Conforming to this common depiction, the incident of Isra’ and Mi’raj carries many symbolic references that shape contemporary Islamic belief and uphold tasawufī thought. To begin with, the juxtaposition between Mescid-i Harâm and Mescid-i Aksâ underlines a previously established claim of Islam; with the statement “where we have previously blessed the surroundings of,” Allah reiterates that He did not inaugurate a “new” religion, but rather put forth the continuation of earlier messages to conclude His faith in an ultra-developed fashion. This idea parallels the concept of insan al-kamil, since though the elder prophets are held to the highest regards in Islam, as the bearer of the latest and most updated news in today’s terms, this attained title of perfection is unique to Prophet Muhammad (pbuh). In addition to him leading the prayer at Masjid al-Aqsa, as the epitome of creation, he had come closer to God than anything of its time— even Moses had fainted after talking with the Lord behind a burning bush, whereas “his [Prophet Muhammad (pbuh)’s] eyes neither swerved nor were turned away.”[5] For the Sufi, apart from the religious authority of the Messenger (pbuh), which is by no means subject to questioning within the tradition, his literal presence before Allah is a matter of great aspiration. To reach the Beloved is the ultimate goal for Sufis, therefore the achievement of it in the case of mi’raj further represents a pioneer figure for the Sufi to emulate.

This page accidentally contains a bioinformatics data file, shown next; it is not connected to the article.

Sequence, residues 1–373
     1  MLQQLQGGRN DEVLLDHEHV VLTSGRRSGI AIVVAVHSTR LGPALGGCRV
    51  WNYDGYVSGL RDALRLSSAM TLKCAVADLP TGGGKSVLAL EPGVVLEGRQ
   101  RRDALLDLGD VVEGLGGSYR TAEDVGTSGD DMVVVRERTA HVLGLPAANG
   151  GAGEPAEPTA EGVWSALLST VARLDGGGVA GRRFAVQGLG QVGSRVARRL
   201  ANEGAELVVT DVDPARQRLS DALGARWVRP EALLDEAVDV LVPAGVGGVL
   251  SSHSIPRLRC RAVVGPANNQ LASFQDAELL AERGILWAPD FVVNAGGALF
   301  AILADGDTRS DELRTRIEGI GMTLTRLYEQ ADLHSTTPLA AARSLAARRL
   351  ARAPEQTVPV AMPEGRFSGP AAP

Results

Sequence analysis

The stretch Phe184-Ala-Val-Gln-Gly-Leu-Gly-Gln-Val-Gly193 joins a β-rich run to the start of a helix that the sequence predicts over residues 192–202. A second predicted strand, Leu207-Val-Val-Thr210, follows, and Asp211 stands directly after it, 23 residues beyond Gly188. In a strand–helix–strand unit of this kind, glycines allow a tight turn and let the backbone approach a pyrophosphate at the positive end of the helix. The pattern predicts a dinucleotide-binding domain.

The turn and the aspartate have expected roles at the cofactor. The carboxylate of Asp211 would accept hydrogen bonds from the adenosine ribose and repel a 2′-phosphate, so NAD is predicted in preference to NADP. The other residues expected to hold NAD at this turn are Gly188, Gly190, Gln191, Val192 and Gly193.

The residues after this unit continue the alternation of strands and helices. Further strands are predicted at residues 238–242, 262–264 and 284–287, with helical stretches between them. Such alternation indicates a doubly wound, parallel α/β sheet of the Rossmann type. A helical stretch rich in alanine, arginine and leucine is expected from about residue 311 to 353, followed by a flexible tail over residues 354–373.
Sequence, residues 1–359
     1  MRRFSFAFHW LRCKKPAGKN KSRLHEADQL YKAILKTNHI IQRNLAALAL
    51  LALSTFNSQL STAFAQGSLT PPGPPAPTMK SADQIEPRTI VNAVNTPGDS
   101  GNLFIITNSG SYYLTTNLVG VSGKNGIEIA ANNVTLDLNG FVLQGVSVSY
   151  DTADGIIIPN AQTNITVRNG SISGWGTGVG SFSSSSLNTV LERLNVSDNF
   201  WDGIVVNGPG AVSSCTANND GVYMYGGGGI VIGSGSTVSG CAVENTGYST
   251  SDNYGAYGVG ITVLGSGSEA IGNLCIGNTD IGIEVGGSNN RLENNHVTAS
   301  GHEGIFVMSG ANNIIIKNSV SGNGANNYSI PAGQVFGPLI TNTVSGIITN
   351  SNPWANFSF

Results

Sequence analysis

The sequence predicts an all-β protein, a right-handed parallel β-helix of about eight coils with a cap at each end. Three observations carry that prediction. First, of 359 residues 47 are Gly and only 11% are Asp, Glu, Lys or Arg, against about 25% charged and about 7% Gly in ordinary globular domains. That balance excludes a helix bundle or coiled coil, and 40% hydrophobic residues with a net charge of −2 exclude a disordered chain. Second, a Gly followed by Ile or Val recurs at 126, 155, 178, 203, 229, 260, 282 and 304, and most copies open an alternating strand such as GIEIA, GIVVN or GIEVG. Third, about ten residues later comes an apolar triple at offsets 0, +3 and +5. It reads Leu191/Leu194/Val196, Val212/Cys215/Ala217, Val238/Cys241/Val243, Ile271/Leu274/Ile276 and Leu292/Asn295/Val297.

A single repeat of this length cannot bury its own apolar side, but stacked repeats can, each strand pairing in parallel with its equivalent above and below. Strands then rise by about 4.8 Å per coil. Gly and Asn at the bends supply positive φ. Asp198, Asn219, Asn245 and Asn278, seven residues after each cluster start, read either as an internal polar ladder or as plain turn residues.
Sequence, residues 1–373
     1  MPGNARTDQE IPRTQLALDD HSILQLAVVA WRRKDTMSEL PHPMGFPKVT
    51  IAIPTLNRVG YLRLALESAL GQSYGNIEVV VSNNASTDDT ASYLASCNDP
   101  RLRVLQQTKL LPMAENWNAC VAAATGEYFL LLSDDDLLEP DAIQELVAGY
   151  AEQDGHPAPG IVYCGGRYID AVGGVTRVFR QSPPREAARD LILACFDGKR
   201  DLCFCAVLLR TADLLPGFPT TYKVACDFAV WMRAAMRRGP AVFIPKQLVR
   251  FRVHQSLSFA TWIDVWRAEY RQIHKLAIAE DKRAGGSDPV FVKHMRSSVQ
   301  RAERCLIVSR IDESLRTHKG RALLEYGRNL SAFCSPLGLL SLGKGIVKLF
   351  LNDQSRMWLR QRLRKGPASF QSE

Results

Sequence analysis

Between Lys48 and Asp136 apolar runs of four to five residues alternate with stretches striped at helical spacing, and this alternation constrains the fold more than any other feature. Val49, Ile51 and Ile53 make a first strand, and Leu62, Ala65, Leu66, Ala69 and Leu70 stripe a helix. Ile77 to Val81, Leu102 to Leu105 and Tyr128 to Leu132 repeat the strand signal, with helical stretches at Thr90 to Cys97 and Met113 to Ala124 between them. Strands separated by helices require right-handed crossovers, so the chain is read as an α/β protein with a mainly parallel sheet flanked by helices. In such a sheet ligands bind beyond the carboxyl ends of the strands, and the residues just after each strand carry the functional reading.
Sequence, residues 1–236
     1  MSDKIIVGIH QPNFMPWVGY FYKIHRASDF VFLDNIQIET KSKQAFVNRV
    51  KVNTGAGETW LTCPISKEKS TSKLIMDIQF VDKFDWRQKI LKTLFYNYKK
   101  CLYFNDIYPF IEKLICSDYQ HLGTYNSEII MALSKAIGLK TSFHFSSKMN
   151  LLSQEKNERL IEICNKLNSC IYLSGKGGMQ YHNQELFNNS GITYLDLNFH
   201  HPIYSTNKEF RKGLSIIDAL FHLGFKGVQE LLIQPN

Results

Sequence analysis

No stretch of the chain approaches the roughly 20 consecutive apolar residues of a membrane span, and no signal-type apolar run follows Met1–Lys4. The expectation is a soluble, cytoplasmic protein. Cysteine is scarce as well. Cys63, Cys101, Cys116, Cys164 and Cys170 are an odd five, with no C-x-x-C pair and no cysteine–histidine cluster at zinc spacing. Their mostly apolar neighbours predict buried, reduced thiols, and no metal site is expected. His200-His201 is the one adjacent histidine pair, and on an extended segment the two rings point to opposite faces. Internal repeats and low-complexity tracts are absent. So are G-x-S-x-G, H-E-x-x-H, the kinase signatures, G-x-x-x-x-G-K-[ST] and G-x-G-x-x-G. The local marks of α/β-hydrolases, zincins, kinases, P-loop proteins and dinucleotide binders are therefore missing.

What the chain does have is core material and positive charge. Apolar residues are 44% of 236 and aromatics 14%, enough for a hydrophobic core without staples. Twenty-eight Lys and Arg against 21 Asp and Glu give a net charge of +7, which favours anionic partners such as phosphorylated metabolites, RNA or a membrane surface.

Furthermore, the concept of annihilation in the Beloved is also present in this narrative though it adopts a different form. Regardless, it still serves towards the tasawufī understanding through the title of ibn al-waqt, the son of the moment. Devoting themselves entirely to the moment and receive what God sends down to them without reflecting on present, past, or future, the Sufi have been referred to as Sons of the Moment; yet even then, at the highest level of experience, which is when the sufi turns into a sāfī[6], it may be said:

The Sufi is the “son of the moment”

The Sāfī is submerged in the Light of the Majestic,

Not the son of anything, and free from “times” and “states”

Prophet Muhammad (pbuh) during his Night Journey for this reason perfectly exemplifies the sāfī; in fact, he is the only true sāfī, which, on this account, serves as a synonym for the before alluded to term, insān al-kamīl.

[1] The most perfect human [2] The 7th and Holy Month of the Islamic Calendar [3] Masjid al-Aqsa, Jerusalem [4] Masjid al-Haram, Mecca [5] Schimmel, Annemarie, And Muhammad Is His Messenger: The Veneration of the Prophet in Islamic Piety. [6] Schimmel, Annemarie, The Mystical Dimensions of Islam